Halfway to a show in Washington D.C., Cleveland hip-hop artist Tae Miles was set to play for the largest crowd he'd seen yet when his car broke down. The alternator was blown and the battery drained, and his girlfriend who accompanied him on the trip was freaking out, in part because she was the one loaning him the $450 that would get them to the show which was only paying $100. Yet he says this was one of the best trips in his life.
Miles had never traveled that extensively before and getting in front of that crowd gave him the validation he needed to continue. Before this show at Howard University, he'd just stare in awe at the 21,000 views next to his most popular song "iLoveJesusBarrets" and wonder who exactly was listening to his music.
Miles' ambitions stretch far beyond the tens of thousands of views already accumulated. In a year, he's released a full-length, 18-track rock-opera album Throedie, a three-song short story EP titled One2Many and a handful of other remixes. He's now prepping to release a 10-track concept album in early 2015. Called The Adventure of the Wahoo Village Warrior, it will be accompanied by a short video series documenting the whole process.
He's a busy guy and one of the city's most aspiring rappers.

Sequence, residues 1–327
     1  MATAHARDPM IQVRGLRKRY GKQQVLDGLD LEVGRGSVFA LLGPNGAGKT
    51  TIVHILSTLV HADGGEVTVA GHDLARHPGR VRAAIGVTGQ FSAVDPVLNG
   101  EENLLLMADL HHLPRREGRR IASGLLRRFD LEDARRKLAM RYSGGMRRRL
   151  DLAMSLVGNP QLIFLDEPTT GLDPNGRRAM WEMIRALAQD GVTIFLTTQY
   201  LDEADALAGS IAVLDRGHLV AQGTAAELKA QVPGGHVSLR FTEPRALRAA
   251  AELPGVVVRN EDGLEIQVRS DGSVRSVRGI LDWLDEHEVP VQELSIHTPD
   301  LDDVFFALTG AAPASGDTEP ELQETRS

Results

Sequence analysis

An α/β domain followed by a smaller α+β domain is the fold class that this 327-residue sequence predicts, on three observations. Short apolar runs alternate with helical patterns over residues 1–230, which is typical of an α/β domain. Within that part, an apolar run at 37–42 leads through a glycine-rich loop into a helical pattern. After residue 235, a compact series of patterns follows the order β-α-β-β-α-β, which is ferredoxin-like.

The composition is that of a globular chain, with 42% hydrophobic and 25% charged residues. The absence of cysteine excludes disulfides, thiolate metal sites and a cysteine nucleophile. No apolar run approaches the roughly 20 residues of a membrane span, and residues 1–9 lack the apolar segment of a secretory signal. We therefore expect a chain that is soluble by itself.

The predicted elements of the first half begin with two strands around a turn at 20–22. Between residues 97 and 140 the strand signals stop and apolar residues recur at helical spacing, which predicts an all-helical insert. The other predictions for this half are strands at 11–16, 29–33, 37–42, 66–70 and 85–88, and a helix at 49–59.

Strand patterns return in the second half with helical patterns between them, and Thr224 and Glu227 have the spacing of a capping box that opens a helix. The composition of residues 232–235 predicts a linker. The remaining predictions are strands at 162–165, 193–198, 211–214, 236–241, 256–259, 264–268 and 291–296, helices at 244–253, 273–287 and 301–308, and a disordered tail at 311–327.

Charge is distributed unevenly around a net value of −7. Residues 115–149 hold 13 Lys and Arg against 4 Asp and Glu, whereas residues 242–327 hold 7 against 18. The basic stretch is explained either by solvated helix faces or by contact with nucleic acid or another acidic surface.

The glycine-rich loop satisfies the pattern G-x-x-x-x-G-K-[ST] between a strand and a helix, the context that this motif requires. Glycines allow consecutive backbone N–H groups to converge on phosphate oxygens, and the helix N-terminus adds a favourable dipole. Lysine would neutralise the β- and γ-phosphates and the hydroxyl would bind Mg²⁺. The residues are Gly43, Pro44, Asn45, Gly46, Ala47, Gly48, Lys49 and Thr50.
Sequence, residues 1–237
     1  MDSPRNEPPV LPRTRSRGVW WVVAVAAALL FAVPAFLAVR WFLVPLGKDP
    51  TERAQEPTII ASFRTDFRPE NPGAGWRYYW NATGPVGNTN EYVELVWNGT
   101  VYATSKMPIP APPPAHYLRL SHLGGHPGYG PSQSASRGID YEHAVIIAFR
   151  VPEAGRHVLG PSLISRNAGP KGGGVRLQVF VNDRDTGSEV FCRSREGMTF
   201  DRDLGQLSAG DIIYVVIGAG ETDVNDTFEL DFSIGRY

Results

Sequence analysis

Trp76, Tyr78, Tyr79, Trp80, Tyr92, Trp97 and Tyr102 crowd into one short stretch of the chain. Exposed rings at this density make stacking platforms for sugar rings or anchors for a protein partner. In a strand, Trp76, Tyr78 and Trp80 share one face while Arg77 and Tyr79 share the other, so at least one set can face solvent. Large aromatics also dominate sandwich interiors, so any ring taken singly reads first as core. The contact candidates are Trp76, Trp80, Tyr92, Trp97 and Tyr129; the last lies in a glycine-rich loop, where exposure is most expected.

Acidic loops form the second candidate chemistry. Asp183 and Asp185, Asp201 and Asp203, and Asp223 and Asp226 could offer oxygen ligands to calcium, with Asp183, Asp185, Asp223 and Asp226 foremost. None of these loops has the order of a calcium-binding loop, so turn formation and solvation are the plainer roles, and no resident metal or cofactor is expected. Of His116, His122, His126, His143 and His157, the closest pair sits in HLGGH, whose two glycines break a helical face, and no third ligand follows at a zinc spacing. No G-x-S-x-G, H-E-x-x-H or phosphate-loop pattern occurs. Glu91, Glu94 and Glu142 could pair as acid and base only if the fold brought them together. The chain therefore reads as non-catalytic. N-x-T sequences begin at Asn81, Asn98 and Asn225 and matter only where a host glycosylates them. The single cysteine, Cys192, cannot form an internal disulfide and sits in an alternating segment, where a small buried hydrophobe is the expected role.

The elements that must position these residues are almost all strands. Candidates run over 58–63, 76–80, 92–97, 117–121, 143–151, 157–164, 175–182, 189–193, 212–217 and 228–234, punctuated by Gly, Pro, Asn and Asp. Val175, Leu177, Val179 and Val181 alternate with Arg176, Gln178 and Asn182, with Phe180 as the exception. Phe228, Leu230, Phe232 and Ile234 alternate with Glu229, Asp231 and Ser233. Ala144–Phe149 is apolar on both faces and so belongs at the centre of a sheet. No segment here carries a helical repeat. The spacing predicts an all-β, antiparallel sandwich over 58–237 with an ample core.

It'd be one thing if all these songs were about new developments in his life or about partying in the club, but Miles chooses to craft a character and a story for each project he releases. The most ambitious so far has been the tale of Throedie, a complex character whose life unfolds into a cautionary tale like something out of Greek mythology. Police beat Throedie's father while his mother was pregnant with Throedie. She prayed to give her child a "stress-free, positive life" but the only angel that would answer her call was really a devil that granted her wish.
Throedie grew up without any responsibility until the ripe age of 18 when the angel's spell was lifted. Suddenly faced with the weight of the world, Throedie goes insane, killing people and committing various crimes but not understanding why others face the consequences of their actions. He's an anarchist that can't grasp the rules of society and is baffled by the people he meets along the way who follow or at least understand these rules. Eventually he meets his demise by his own hand, jumping off a building following a police chase.
Understandably, some of the nuance of the story might have gone over people's heads.
"Nobody understood the story, but I don't care and I didn't care only because I plan on creating a film around the story in two years or something," Miles says. "That will better explain everything and make the music better, that way the music will never ever die."
Until then, Miles is sticking with the idea of crafting a character around his music but aims to make the themes and plot more understandable. He's started that with the R&B-infused One2Many EP, which offers a look at the thoughts and people we revisit when intoxicated; the music features a sound reminiscent of Kid Cudi. Miles' 2015 project, The Adventure of the Wahoo Village Warrior, aims to further that progress, this time centering on a lost Cleveland kid.